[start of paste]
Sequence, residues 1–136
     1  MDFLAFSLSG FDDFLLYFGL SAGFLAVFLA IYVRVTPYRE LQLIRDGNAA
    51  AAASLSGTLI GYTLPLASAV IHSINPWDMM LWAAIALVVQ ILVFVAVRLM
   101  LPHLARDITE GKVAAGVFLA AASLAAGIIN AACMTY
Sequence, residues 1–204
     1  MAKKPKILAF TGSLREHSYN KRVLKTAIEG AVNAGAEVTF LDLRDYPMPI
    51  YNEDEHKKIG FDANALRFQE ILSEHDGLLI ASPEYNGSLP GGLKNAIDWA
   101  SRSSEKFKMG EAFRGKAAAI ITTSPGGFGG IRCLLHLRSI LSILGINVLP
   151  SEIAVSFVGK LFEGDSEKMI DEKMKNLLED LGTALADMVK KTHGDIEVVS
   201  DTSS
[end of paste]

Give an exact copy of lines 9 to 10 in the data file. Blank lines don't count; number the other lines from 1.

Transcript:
   151  SEIAVSFVGK LFEGDSEKMI DEKMKNLLED LGTALADMVK KTHGDIEVVS
   201  DTSS